My belly, myself

September 22, 2008

I was an “expect the worst” kind of person, usually. When I found myself in an uncertain situation, I would conjure up the worst possible scenario and then worry about it. Nine times out of ten the worst wouldn’t happen and I’d feel relieved, and when bad things did happen, well, at least I wasn’t that surprised by them.

I couldn’t do that with Teddy, though. Couldn’t expect the worst for my baby, couldn’t not hope.

When N and I found out that our baby had a diaphragmatic hernia, and that babies with this condition have roughly a fifty-fifty chance at survival, we talked about how we couldn’t prepare for the worst. We needed to hope for the best, to love our baby as well and hard as possible for as long as he was in our lives, and we knew that if the worst happened we would bottom out on grief and that no preparations would really help in that case. I, expect-the-worst woman, hoped for the best, and I hoped with everything that was in me.

My belly was not just the place where my baby lived and grew, it was the physical manifestation of my hope. Polyhydramnios (high amniotic fluid levels), which isn’t uncommon in mothers to babies with CDH, made my belly bigger than it should have been for the last three months of my pregnancy. I used to laugh if I caught a glimpse of my profile in the mirror. My belly button popped out, and my round belly was covered with bright pink stretch marks in a pattern of tiger stripes. And despite my new waddle, I was fierce like a tiger, carrying that belly. I knew it was the best life support system Teddy would ever have, that he’d have to fight immediately after being born, and I wanted to keep him safe as long as possible. My doctors all worried about early labor, and I worried, too, fretting over every twinge and tightening. But I drank gallons of water, and did the bed rest when they told me to, and somehow early labor never happened. My belly held – proud, tough, tiger belly.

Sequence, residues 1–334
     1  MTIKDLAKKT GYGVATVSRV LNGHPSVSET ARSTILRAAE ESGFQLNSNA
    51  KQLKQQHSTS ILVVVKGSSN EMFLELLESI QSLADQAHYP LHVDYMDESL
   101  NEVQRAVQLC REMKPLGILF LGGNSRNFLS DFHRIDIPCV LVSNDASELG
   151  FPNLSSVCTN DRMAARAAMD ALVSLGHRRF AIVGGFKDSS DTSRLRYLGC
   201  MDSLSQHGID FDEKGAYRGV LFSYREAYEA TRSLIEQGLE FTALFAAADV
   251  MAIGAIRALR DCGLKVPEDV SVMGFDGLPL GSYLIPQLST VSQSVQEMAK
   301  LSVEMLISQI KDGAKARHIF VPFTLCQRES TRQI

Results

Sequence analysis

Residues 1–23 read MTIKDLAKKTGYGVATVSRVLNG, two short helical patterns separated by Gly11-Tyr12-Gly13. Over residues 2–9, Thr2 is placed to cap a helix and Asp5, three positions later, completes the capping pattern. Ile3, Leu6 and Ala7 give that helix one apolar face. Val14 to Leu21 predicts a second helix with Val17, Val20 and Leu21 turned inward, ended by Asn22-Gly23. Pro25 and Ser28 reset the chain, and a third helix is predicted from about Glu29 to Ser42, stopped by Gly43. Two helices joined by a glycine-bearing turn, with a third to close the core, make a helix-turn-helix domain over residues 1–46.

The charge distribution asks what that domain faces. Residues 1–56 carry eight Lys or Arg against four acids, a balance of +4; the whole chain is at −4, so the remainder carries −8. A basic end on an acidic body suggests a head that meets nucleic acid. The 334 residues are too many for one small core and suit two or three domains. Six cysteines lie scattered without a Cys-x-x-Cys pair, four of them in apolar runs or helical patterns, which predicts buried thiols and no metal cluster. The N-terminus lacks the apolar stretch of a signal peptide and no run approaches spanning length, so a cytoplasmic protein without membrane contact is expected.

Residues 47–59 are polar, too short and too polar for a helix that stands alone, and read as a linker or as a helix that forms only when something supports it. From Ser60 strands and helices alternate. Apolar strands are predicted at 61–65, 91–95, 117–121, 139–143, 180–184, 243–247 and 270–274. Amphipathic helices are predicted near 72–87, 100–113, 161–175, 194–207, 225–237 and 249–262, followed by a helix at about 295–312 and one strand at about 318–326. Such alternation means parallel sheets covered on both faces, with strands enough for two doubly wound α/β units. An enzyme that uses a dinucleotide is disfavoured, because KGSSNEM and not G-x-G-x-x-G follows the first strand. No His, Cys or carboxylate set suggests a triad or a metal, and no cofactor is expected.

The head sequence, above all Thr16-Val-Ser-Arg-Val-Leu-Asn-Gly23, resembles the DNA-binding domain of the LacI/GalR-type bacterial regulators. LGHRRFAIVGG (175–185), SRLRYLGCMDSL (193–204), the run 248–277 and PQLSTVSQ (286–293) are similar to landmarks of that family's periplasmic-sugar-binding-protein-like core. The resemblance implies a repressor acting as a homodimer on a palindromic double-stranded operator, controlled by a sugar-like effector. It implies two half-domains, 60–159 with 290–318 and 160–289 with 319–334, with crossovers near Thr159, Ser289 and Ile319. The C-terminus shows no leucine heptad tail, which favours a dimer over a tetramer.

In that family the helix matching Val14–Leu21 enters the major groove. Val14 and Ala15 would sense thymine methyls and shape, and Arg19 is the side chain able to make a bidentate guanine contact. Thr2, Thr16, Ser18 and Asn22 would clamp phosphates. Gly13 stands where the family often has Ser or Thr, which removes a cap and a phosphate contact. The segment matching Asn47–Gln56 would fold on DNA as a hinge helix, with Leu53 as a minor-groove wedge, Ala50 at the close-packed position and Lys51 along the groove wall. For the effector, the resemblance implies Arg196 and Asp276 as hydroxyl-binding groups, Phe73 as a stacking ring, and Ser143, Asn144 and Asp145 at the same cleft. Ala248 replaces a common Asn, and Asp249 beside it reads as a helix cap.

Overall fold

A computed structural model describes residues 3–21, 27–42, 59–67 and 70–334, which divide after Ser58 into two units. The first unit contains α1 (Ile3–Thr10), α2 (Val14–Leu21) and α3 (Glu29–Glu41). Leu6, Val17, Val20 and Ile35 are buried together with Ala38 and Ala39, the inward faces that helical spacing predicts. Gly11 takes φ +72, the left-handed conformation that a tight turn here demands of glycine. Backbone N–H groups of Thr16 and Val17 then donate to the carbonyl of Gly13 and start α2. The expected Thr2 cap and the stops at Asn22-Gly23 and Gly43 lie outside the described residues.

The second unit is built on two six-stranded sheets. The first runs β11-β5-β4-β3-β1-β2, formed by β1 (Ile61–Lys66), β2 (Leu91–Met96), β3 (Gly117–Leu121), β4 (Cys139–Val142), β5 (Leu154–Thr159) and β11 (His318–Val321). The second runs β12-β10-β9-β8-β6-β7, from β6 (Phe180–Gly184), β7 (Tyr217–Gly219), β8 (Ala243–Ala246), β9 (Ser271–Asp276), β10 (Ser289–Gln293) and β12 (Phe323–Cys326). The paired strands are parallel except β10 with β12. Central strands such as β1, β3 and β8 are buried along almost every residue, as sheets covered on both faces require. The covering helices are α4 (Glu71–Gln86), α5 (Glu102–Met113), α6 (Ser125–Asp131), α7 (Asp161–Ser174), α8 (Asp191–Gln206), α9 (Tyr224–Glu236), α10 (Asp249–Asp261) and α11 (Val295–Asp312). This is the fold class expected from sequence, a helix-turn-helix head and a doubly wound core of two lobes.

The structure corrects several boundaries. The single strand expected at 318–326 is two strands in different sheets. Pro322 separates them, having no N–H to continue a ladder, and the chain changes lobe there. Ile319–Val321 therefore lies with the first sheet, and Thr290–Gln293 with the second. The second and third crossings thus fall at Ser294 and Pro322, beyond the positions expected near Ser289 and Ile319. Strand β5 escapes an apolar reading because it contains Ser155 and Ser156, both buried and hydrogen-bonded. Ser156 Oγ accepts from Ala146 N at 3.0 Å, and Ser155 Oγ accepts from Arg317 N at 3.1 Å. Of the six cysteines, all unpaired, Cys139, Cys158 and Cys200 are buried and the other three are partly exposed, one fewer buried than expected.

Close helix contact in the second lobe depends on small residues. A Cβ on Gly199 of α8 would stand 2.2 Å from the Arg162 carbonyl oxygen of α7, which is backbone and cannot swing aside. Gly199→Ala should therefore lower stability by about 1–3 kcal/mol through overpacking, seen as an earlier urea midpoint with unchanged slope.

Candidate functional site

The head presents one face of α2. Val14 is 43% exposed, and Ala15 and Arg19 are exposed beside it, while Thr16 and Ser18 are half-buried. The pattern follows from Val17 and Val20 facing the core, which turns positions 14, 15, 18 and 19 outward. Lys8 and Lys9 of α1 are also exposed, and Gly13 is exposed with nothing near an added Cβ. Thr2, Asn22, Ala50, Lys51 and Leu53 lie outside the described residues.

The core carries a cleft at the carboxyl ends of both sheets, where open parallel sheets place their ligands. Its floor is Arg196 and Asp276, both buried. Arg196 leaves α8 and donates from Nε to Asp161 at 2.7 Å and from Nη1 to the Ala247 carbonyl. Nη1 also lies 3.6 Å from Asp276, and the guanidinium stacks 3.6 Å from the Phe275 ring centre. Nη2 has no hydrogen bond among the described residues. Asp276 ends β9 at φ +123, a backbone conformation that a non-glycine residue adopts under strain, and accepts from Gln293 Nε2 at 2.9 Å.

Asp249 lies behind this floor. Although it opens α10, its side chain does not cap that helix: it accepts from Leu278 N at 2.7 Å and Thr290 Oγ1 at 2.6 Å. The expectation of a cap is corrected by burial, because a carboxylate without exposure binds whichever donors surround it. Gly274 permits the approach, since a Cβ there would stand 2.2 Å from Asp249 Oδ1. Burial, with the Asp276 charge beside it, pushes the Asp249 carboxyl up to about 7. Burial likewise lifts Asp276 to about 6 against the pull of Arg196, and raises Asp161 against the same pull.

Now my deflated belly sags and wobbles, the stretched out skin still sensitive to the touch. The stretch marks have lost all of their fierceness and look like nothing so much as the trails left by woodworms in old logs; my belly button has retreated and retrenched, sore and strained. It finally lost it’s battle, this belly – it didn’t want to give Teddy up any more than I did; the induction took over two days and while I was fully dilated at the end, shortly after I started pushing, the doctors had to open me up to get Teddy out. So below the sag of my belly sits the new scar of my c-section incision, my first surgical scar, nearly healed now but still pink and new.

I hate that, the one time in my life when I didn’t expect the worst, the worst happened. My hopes were so big, so brightly colored, so warm, and now they are gone. I’m left deflated and sore, hollow and weeping. I love and hate this belly, this defeated, sad and healing belly. It kept my Teddy safe as long as he could be safe, it tried so hard and bore with so much only to lose. It hurts, it heals, it mourns. It is me.

One comment

  1. Hi,

    I am so very, very sorry for your loss. I’m a grieving mom of a little boy lost to CDH too. If you haven’t found CHERUBS, please drop by. http://www.cdhsupport.org All of us there have been touched by CDH, it’s a great support system when you feel like no one in the world understands how you feel. E-mail me if you need to talk. I’ll keep you in my prayers.


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